AIC: Gender Expectations Continued


Women in Society

Traditionally, women were seen as a source of human life as they were seen to lack intellect and were a source of temptation and evil for men as according to Greek mythology. In the twentieth century, there is a turn in this thinking however as women’s suffrage begins and women begin fighting for power and politics, for their rights to be taken from their husbands and fathers and given to them directly. Suffrage also underpinned all ideas surrounding women’s rights to work and their right to vote – essentially, they just wanted to become involved in the society in which they lived in.

However men were not willing to give up their control over women as they weren’t seen as logical beings and so they didn’t want them to get involved in politics. Alternatively, some people just didn’t want to break tradition. Another traditional idea of women in this time was that they were more moral than men. Women were seen to be more religious as they were the majority of church congregations and so were given the role of upholding the morals in the family.

Women in the Family

When the play opens with the Birling family celebrating an engagement, the audience witness a display of Edwardian etiquette rules as the men were seen discussing serious and complex matters such as business, and the women congregate together away from the men. This signifies the idea that upper class women are too sensitive to hear about these issues, which we see again when the inspector arrives, and Mr Birling wants Sheila to leave.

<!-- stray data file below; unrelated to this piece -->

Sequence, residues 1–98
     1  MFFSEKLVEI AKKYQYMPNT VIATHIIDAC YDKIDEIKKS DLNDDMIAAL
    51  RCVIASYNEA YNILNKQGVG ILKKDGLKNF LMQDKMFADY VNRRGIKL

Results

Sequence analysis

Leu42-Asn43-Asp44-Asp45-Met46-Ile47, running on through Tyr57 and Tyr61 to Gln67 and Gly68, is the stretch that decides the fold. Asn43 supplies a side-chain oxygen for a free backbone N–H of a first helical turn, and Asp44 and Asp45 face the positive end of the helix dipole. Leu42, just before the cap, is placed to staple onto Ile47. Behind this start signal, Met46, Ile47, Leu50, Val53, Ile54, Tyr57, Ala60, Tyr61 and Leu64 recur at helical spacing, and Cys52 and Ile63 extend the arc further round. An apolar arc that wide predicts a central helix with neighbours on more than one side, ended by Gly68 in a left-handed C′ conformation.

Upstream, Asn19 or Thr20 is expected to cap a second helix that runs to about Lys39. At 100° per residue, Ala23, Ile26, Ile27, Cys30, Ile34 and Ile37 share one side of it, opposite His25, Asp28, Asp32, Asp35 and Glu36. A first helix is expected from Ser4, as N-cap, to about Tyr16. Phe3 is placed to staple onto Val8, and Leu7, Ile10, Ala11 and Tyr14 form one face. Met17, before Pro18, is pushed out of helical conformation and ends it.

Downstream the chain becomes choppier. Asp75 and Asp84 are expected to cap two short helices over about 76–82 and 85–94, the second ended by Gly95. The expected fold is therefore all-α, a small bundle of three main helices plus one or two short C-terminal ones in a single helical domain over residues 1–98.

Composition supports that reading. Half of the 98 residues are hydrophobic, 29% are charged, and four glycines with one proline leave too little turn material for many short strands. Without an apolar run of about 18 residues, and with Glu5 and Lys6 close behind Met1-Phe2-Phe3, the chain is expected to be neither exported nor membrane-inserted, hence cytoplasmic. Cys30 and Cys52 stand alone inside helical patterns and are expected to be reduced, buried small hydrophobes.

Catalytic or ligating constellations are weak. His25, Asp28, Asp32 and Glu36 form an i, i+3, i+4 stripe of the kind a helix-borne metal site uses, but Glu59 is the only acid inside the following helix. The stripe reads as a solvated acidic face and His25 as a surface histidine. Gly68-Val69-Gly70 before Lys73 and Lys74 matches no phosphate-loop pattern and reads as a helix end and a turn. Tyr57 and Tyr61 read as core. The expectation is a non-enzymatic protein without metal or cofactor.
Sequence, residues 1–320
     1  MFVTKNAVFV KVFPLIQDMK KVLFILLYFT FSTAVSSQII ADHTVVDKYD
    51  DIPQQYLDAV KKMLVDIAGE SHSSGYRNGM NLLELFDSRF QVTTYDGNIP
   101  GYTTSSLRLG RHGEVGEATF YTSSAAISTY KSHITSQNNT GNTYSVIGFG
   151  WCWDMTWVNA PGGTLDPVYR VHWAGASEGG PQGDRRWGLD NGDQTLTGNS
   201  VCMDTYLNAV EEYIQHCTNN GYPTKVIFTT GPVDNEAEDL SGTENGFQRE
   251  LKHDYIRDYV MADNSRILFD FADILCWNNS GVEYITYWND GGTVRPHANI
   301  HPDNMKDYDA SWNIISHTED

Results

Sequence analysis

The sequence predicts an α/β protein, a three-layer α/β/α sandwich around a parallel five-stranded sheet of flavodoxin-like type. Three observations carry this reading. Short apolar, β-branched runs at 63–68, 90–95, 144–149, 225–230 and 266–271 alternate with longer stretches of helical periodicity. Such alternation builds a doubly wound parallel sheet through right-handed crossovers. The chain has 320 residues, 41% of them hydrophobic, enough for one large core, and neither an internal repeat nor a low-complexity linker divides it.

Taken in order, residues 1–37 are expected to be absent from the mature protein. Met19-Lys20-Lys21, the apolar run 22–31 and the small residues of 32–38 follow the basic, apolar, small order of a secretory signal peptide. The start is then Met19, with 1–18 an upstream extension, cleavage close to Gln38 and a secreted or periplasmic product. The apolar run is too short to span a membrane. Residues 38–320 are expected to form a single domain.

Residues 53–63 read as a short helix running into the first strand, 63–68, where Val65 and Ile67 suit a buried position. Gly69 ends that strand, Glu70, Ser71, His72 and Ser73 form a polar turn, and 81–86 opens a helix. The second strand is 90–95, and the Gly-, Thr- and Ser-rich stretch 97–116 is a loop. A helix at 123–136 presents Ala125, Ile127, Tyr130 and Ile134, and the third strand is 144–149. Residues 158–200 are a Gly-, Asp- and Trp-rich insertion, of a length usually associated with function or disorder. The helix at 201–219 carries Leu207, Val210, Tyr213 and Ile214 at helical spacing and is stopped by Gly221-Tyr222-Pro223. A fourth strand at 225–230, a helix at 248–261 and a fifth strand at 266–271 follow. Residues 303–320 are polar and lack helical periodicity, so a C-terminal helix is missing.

This patronising practice stems from the idea that women are incapable of making important decisions (hence why they didn’t have the vote). Sheila later contrasts this view by comprehending and appreciating what they as a family had done to Eva, and this is also seen when she is first to recognise that Eric is the father of Eva’s unborn baby. In short, Sheila represents a lot of women, by being far more than what her father gave her credit for.

Women in the Work Place

Eva, as a working-class woman, is at the hands of her employers. She goes beyond the expectations of a woman in the Edwardian society by asking for more pay (which was a masculine demand) and so, is sacked. When she works at Milwards she is perfectly capable of her job but is fired as the result of a customer’s comment. When finances are really slim for Eva she becomes a prostitute as a last result and then is exploited by the men who employ her which Eric confesses later to.